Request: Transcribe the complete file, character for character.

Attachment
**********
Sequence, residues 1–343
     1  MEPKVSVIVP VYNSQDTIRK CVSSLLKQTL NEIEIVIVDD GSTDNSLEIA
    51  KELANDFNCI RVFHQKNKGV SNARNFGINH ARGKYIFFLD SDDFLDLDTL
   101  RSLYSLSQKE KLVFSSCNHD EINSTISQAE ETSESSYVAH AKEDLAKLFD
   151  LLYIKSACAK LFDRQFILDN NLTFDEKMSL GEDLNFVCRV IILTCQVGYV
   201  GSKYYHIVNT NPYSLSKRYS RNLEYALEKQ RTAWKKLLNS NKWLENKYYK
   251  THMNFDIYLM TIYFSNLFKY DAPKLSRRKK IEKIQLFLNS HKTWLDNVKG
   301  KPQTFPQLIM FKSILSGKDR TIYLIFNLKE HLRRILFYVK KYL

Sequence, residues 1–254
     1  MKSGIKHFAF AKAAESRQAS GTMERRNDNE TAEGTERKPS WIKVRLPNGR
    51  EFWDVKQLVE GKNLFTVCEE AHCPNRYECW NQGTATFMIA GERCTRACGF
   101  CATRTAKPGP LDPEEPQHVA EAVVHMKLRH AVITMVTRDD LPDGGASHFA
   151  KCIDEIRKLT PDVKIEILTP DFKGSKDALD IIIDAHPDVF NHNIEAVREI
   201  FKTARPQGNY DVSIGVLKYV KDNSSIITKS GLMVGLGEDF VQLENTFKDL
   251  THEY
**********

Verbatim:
Sequence, residues 1–343
     1  MEPKVSVIVP VYNSQDTIRK CVSSLLKQTL NEIEIVIVDD GSTDNSLEIA
    51  KELANDFNCI RVFHQKNKGV SNARNFGINH ARGKYIFFLD SDDFLDLDTL
   101  RSLYSLSQKE KLVFSSCNHD EINSTISQAE ETSESSYVAH AKEDLAKLFD
   151  LLYIKSACAK LFDRQFILDN NLTFDEKMSL GEDLNFVCRV IILTCQVGYV
   201  GSKYYHIVNT NPYSLSKRYS RNLEYALEKQ RTAWKKLLNS NKWLENKYYK
   251  THMNFDIYLM TIYFSNLFKY DAPKLSRRKK IEKIQLFLNS HKTWLDNVKG
   301  KPQTFPQLIM FKSILSGKDR TIYLIFNLKE HLRRILFYVK KYL

Sequence, residues 1–254
     1  MKSGIKHFAF AKAAESRQAS GTMERRNDNE TAEGTERKPS WIKVRLPNGR
    51  EFWDVKQLVE GKNLFTVCEE AHCPNRYECW NQGTATFMIA GERCTRACGF
   101  CATRTAKPGP LDPEEPQHVA EAVVHMKLRH AVITMVTRDD LPDGGASHFA
   151  KCIDEIRKLT PDVKIEILTP DFKGSKDALD IIIDAHPDVF NHNIEAVREI
   201  FKTARPQGNY DVSIGVLKYV KDNSSIITKS GLMVGLGEDF VQLENTFKDL
   251  THEY